You could also take a potted plant and make it live in water, but that’s gonna be a mess.

Take your plant out of its pot real careful and shake off as much soil as you can. Give the roots a good rinse in warm water to get rid of any leftover soil. To get the soil really loose, let the roots hang out in a bucket of water for a bit.

Don’t sweat it if you can’t get all the soil off. Your plant’s roots will change when you switch it from soil to water. As new water roots show up, your plant will ditch the old soily ones.

I like to make more Monstera from one I already have. I don’t have the patience to get all the soil off a potted plant.

Step 3: Pour in the water container

Fill the container about halfway with water so it covers the roots. Pluck off any leaves that are too far down the stem. You don’t want any leaves under the water. Give it a couple of weeks, and you’ll see some roots popping out.

How to maintain water oxygenation?

When you’re growing Monstera plants in water, you gotta make sure there’s enough oxygen going on in there. It helps stop the roots from rotting and makes the plant grow strong. Here’s how you can keep that water nice and oxygen-rich:

  1. Use a bubble-maker (air stone): Get yourself an air stone to put some tiny bubbles in the water. It’s this little thing with holes in it that hooks up to an air pump. It’s gonna help keep the roots happy and get more oxygen in the water.
  2. Switch the water out now and then: You don’t want the water getting all stale and losing its oxygen. So make sure to change the water in your Monstera’s jar or whatever. Try to do it every week or two.
  3. Get a water pump: You can also use a water pump to make the water move around more and get more oxygen in there. Just make sure to pick a pump that’s the right size for your container.
  4. Throw in some hydrogen peroxide: You can put a little bit of hydrogen peroxide in the water. It’ll help bump up the oxygen and stop any nasty bacteria from growing.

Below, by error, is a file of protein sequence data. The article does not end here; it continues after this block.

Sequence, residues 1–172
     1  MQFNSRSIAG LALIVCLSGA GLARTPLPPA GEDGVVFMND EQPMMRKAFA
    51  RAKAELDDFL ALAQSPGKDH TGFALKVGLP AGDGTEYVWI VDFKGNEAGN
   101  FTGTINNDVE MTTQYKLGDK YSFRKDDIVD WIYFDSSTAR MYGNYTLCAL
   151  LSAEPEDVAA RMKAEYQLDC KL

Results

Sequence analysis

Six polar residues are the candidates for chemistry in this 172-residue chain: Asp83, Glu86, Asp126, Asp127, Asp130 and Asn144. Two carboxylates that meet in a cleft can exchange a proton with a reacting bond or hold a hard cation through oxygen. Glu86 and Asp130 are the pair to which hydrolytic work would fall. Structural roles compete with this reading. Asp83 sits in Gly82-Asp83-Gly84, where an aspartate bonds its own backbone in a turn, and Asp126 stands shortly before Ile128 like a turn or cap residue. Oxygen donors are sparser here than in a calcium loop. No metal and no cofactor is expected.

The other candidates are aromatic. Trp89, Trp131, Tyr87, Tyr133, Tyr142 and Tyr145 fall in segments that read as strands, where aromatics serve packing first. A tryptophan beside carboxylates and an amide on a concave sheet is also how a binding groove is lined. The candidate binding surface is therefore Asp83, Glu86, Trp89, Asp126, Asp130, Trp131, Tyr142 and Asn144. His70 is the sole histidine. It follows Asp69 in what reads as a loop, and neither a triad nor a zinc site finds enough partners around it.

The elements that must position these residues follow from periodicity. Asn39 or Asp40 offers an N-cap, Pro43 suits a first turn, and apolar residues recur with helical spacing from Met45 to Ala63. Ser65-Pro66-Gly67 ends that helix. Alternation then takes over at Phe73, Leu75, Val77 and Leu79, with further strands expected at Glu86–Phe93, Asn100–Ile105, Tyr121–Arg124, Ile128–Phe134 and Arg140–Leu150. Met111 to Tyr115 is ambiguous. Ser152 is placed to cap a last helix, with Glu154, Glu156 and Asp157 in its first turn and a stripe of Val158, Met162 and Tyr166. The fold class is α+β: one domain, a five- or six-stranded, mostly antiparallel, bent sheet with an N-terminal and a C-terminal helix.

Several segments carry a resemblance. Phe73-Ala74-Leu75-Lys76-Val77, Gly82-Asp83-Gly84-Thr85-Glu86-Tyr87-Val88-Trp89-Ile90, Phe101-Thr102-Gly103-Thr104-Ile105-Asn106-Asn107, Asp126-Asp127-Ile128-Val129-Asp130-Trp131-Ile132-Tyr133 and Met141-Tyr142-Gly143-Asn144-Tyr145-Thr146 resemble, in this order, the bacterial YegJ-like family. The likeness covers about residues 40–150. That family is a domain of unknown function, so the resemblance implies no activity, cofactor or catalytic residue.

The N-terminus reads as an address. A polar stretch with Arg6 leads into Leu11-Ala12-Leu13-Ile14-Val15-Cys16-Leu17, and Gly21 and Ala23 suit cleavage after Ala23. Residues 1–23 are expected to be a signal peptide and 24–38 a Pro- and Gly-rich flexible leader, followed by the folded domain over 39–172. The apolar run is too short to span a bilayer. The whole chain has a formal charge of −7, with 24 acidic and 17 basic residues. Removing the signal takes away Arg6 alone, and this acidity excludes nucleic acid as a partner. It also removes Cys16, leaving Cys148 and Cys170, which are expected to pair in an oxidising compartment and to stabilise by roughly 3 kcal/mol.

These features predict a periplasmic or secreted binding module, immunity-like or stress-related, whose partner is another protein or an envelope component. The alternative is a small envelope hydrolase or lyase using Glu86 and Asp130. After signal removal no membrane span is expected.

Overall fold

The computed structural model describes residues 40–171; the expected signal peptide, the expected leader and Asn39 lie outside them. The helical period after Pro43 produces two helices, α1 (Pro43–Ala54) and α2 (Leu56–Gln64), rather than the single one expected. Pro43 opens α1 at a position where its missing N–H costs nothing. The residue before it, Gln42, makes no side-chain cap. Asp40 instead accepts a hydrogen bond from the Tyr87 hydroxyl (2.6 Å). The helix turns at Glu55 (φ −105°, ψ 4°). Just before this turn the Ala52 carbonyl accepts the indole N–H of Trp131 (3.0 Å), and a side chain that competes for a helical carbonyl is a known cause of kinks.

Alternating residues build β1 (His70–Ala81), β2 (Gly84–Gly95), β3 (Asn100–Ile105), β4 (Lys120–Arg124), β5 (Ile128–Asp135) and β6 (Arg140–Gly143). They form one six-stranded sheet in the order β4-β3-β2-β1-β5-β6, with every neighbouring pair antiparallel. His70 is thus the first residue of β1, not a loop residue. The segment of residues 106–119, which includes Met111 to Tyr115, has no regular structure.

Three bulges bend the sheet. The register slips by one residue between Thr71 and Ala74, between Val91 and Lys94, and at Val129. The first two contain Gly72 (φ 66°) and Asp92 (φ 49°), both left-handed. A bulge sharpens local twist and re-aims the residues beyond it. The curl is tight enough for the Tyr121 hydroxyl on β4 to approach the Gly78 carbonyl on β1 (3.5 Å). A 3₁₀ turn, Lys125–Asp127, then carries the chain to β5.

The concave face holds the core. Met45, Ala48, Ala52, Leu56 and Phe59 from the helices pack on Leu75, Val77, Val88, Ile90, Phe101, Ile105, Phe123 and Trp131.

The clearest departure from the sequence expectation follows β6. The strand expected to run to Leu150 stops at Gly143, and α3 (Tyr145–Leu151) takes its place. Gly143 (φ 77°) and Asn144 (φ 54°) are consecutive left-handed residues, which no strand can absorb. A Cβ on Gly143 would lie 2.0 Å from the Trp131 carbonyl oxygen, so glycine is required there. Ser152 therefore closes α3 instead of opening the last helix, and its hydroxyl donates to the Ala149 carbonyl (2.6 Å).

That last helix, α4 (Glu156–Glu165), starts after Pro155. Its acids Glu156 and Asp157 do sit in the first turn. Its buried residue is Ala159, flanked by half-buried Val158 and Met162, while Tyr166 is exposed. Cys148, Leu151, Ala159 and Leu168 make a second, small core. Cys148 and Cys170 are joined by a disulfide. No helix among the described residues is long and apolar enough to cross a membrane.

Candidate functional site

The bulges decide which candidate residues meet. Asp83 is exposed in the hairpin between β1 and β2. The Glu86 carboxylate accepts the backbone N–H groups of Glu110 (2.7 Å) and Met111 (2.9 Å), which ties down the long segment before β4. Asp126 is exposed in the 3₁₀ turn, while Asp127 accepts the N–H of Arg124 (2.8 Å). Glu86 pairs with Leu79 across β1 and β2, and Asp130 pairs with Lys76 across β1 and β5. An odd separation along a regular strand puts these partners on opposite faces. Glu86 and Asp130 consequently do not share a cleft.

If you stick to these tips, you’ll help make sure your Monstera plant grows nice and strong in the water, with plenty of oxygen to keep it healthy.

Tips on how to grow a Monstera in water

Want to grow a Monstera in water? Here’s how you can do it:

  1. Cut and Stick: Growing a Monstera in water? Easy! Just snip a stem from a healthy plant right below a node, pluck off the bottom leaves, and pop it in a jar filled with water. Change the water now and then, and keep it somewhere with lots of bright, indirect light.
  2. Pick a Cool Jar: Go for a clear glass or plastic jar or something. That way, you can keep an eye on the roots and make sure they aren’t chilling in stale water.
  3. Water Stuff: Use filtered or bottled water instead of tap water. Tap water has all kinds of minerals and stuff that might not be great for your plant.
  4. Feed It: Monsteras need food too. Mix in some liquid fertilizer with the water every couple of weeks to give your plant what it needs.
  5. Find the Right Spot: Monsteras are pretty chill with low light, but they really like bright, indirect light. Put your jar somewhere it can catch a few hours of that kind of light every day.
  6. Check the Roots: Keep an eye on the roots to make sure they’re looking good and not getting all rotten or sick. If something looks off, switch out the water right away and change up your care routine if you need to.

Follow these tips, and you’ll have yourself a Monstera growing in water in no time. Plus, it’s a cool look and easy to take care of.

Growing Monstera in water is a neat way to bring a little bit of nature into your place. Monsteras can hang out in water, but you’ve got to take care of them right. That means keeping things moist but not too wet, and feeding them regularly. Got questions? Head over to Famiplants. We’ve got all kinds of info on Monsteras, including what to do and what not to do.


Hi, I'm Cathleen Clemens. I graduated from Cornell University with a degree in plant science. I gained detailed knowledge about various kinds of plants and how to properly care for them. My experience has enabled me to easily detect any issues such as pest infestations, nutrient deficiencies, or signs of diseases in the plants.